It is possible for you to obtain a rental unit if you have a co-signer who has good credit and can vouch for you. Your parent or another person with good credit can serve as your co-signer. If, on the other hand, a payment is not made on time, your landlord has the right to and will almost certainly ask for the money from your cosigner.
Pay in advance if possible.
A high probability of obtaining a rental unit exists if the landlord recognizes your willingness to pay the rental value in full upfront for a period of 3 to 6 months.
What’s the bottom line?
It is preferable to avoid being evicted in the first place if you want to avoid having any eviction information on your credit report.
Why did House Prices Go Up in 2020 During the Pandemic
The pandemic brought with it a lot of surprises, one of them being the rise in house prices. The US economy plummeted with millions of Americans finding themselves out of work and without food. No one would have predicted that at the time when times were hard for everyone, home prices would become overheated, mortgage rates would skyrocket, and the supply for houses would not meet the demands and consumer confidence in the housing market was reducing. The housing market was booming.
Right at the beginning of the pandemic, no one was willing to buy a house or even sell one. This was because of the uncertainties of the time brought about by Covid-19. In a span of a few months, most day-to-day activities were confined to the available properties. Houses became a key asset and prices began to rise.
The US real estate market in context
The American real estate market suffered a huge blow as a result of the 2008 financial crisis. The recession saw the prices of houses fall by a big margin and the world’s largest real estate market was affected in ways no one would have imagined. This was as a result of subprime mortgages that were given in large numbers to help as many Americans as possible to become homeowners. Homeowners found themselves mortgages that were higher than the value of their houses. By 2013, the market was showing signs of recovery. From 2018 to 2019, the market began to fall slightly.
For many Americans, owning a home is very important to them as it allows them to build up their wealth, make it easy for them to access credit, and be able to save more as they no longer have to pay rent. A large percentage of homeowners rely on mortgages to acquire homes after raising the down payment from their savings or with money from their families. It was expected that the pandemic would lead to foreclosures especially since the economy took a downward spiral at the start of the pandemic. Many people also lost their source of income and were unable to keep up with their mortgage payments.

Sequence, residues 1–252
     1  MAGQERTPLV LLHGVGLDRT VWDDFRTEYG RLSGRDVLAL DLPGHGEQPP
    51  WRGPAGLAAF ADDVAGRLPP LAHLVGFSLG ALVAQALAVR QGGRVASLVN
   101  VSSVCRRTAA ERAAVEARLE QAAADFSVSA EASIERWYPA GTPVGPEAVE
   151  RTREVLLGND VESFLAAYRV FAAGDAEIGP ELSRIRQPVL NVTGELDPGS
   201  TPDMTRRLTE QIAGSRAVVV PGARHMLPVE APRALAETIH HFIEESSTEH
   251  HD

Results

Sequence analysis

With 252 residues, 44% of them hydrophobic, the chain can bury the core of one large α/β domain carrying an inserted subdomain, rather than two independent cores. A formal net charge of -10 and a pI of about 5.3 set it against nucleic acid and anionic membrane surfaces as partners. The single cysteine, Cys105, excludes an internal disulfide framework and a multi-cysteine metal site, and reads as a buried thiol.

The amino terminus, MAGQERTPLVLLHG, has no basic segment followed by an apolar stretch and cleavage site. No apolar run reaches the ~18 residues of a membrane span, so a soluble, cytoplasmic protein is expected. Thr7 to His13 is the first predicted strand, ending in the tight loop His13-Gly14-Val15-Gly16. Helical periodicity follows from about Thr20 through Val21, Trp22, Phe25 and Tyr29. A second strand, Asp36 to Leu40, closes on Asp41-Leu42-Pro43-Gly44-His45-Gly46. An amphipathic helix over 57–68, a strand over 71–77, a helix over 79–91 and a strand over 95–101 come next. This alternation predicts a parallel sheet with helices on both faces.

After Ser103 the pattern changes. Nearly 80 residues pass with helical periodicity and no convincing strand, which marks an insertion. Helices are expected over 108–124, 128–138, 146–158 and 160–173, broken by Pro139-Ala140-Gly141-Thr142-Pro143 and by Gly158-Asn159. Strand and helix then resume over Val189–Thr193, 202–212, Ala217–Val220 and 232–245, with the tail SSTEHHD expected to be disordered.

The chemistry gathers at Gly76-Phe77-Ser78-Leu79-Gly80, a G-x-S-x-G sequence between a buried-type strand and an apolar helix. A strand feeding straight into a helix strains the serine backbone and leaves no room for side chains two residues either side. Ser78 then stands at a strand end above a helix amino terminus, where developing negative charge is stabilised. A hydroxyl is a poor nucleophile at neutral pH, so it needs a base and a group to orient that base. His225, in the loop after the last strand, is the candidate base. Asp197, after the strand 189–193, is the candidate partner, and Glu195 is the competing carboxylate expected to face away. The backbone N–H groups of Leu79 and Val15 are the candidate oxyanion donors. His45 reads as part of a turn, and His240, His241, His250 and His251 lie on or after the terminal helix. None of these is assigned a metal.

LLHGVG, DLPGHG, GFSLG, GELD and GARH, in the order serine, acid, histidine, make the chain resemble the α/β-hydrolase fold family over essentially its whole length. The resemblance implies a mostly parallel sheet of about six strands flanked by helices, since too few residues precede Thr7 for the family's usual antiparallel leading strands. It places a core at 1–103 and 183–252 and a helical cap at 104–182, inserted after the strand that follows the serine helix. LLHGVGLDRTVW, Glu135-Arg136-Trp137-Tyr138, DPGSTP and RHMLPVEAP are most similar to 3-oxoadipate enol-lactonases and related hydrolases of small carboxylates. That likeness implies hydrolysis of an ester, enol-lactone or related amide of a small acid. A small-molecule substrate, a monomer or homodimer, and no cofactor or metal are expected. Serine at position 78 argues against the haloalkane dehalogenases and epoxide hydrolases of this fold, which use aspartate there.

The most expensive real estate in the USA is found in San Francisco, California. San Francisco has a booming economy fueled by the presence of tech companies like Apple, Facebook, Intel, and Tesla that have their headquarters in the nearby Silicon Valley. The city also has been at the forefront in matters progressive culture which attracts more people to relocate to it. As a result of the thriving tech economy that brings billions of dollars into the city, and rising housing demand, the city is the most expensive place to buy a house in the US. On average, the price per square foot is $1,100.
Why do house prices go up in general?
The value of a house is usually expected to depend on the demand for living in a particular area, but things like recessions and pandemics are known to have an impact that can either be positive or negative. House prices go up when the supply does not meet the demand. One of the key factors that affect the supply has to do with the regulations that restrict the number of housing units that can be built. For example in a single-family zone, it’s illegal to build townhouses or apartments, or condos on any spaces designated for single units and parking minimums must be met. This forces contractors to make provisions for parking spaces even in places where it’s unwarranted.
Some local governments allow groups of people to block developments they feel will have a negative impact on the overall value of the entire estate. These local zoning regulations are making it impossible for most Americans to move to better estates due to the shortage of housing.
Why did house prices go up during the pandemic?
The price for houses is determined by the existing demand and supply dynamics. The fewer the number of houses available, the higher the prices for the available units would be. If the number of buyers is fewer, then the house prices would be lower. The prices went up because the pandemic affected both supply and demand. A lot of people were in a rush to take advantage of the falling mortgage rates which made it easier to acquire homes at a cheaper price.
As a result of the falling mortgage rates, houses were not staying on the market for long. Among those who bought the homes were first-time homebuyers or those who were buying a second home. These put a lot of pressure on the market as were not putting another home on the market as they took one out of it. In some instances, others chose to refinance their mortgages based on the lower rates instead of acquiring a new home.
Because of the pandemic, people who had plans of listing their homes did not do so and those who had listed their homes took them off the market. As a result of the social distancing rules at the height of the pandemic, not many people were willing to show their houses.
Home developers did not anticipate a surge in the demand for housing during the pandemic. A number of them had let go of their employees and had shut down. At the same time, prices for materials like lumber also added to the construction costs alongside the scarcity of skilled workers.